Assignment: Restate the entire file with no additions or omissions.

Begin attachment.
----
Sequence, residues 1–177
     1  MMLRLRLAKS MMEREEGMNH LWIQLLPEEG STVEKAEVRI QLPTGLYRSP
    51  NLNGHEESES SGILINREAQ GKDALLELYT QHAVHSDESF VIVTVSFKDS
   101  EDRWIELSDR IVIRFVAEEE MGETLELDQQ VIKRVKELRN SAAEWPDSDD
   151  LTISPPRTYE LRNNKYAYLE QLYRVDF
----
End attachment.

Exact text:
Sequence, residues 1–177
     1  MMLRLRLAKS MMEREEGMNH LWIQLLPEEG STVEKAEVRI QLPTGLYRSP
    51  NLNGHEESES SGILINREAQ GKDALLELYT QHAVHSDESF VIVTVSFKDS
   101  EDRWIELSDR IVIRFVAEEE MGETLELDQQ VIKRVKELRN SAAEWPDSDD
   151  LTISPPRTYE LRNNKYAYLE QLYRVDF